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Megan B. Shreffler, Adam R. Cocco and Jacob R. Shreffler

The number of students enrolled in online courses continues to increase as the landscape of higher education evolves to meet the needs of the student population. With the growing number of online education students, and the necessity of programs to demonstrate learning effectiveness, it is essential for higher education institutions to compare the success of online students with their traditional classroom counterparts in terms of course outcomes (final project and course grades). This study used a quasi-experimental design to examine the relationship between the instructional delivery method (online vs. traditional classroom) and the course outcomes and satisfaction of students in selected sport management courses. Differences between instructional delivery method were found in motivational factors, satisfaction, and content knowledge. However, no significant differences were found with respect to final project and course grades. The findings from this study can assist sport management programs beginning to offer online education courses or looking to expand their online course offerings. The results demonstrate that instructional delivery method does not affect a student’s course outcomes in sport management courses, leaving them the ability to choose the educational delivery method best suited for their lifestyle and motivations.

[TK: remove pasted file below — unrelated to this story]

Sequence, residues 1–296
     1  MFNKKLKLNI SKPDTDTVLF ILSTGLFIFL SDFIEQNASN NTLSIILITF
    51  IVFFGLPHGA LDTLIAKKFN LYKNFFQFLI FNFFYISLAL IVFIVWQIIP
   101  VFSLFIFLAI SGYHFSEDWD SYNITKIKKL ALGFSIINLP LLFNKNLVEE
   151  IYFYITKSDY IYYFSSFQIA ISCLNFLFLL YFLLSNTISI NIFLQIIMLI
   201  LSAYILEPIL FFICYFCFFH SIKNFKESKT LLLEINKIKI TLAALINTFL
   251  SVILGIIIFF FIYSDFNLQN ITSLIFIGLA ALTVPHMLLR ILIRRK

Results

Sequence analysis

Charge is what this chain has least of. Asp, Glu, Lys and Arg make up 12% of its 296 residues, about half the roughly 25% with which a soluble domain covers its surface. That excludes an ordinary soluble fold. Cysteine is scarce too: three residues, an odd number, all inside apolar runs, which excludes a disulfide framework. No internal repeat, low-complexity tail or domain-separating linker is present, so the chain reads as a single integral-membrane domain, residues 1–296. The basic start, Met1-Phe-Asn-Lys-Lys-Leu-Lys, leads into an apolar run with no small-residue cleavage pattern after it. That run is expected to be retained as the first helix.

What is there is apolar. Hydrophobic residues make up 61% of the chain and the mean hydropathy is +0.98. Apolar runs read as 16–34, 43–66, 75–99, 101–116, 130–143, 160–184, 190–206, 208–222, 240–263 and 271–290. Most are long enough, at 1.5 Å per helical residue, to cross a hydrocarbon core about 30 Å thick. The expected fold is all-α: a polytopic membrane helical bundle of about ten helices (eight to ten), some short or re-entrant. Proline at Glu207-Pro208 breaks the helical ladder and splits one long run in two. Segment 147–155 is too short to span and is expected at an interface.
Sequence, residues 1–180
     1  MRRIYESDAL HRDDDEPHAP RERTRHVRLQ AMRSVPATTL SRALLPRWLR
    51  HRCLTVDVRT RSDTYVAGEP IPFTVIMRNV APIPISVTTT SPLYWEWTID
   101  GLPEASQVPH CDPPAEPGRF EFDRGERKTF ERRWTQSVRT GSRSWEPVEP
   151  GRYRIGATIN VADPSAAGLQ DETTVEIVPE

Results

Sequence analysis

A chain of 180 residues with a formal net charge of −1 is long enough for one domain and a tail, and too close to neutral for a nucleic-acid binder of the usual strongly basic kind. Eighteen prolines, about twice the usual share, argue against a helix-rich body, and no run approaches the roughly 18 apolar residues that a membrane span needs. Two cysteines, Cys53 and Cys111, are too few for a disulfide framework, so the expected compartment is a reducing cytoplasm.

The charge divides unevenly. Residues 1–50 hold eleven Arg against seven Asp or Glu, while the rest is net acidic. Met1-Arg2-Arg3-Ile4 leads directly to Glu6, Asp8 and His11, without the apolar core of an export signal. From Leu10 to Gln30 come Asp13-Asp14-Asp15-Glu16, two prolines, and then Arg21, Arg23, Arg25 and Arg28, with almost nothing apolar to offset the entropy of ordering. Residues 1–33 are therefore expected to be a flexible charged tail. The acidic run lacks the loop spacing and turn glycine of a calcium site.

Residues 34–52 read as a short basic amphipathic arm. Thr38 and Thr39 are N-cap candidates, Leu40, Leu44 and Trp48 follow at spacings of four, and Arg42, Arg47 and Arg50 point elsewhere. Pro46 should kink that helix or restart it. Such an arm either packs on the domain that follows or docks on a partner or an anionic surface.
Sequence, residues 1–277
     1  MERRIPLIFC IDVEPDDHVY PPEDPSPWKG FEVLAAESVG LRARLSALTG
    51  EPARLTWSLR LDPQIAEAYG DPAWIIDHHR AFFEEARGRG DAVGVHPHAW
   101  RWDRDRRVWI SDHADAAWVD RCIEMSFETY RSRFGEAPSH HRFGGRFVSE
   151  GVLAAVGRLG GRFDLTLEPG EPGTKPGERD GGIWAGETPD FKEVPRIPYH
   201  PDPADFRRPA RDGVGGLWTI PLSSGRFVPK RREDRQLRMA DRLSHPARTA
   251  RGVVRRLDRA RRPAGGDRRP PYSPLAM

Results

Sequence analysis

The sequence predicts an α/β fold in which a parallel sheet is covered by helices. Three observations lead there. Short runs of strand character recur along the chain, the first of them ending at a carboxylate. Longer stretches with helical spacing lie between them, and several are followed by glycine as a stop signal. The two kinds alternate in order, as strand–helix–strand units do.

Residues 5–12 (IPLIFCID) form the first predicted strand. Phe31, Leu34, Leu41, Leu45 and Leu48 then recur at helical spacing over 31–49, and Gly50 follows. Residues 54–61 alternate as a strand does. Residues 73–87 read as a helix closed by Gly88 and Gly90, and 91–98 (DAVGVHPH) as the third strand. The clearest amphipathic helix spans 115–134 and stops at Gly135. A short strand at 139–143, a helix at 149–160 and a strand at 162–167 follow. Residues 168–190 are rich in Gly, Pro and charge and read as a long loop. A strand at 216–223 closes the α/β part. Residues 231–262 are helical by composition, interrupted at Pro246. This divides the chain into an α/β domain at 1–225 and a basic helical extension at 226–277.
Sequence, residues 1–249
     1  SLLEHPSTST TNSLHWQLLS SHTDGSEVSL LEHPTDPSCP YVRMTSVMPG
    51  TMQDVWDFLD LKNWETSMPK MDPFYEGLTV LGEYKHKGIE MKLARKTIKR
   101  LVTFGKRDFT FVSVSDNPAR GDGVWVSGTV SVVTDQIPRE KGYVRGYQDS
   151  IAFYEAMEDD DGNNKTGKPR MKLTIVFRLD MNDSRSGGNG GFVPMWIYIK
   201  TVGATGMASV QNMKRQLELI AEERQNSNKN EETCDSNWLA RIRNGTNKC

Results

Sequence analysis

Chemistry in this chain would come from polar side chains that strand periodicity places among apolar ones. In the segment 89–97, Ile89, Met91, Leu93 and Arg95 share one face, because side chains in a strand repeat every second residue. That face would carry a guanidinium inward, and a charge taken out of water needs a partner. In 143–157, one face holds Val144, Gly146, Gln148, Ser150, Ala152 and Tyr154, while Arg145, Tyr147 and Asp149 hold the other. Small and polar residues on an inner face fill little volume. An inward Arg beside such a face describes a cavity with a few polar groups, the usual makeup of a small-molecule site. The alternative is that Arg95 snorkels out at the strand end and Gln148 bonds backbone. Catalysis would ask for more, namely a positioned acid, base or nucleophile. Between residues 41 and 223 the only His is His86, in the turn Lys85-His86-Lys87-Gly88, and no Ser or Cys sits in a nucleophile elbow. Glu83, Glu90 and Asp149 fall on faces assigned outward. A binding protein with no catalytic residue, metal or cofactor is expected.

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Megan B. Shreffler, Adam R. Cocco, Regina G. Presley and Chelsea C. Police

Increasing student persistence rates is imperative in higher education, as less than 60% of those who initially enroll in college full-time finish with a certificate or degree. Educators must ensure students are engaged with many facets of their educational experiences. Two strategies through which educators can engage students in the classroom, approaches to learning and learning styles, were examined. Researchers then assessed the relationships between these strategies and student success in the course (quiz scores and overall course grade). Findings suggest that the self-reported learning styles of students enrolled in sport management courses have little impact on student success. Thus, support was not found for the learning styles hypothesis. However, approaches to learning warrant attention, as students who employ strategic study skills are likely to achieve significantly higher course outcomes compared with those who utilize deep or surface study skills in the sport management discipline.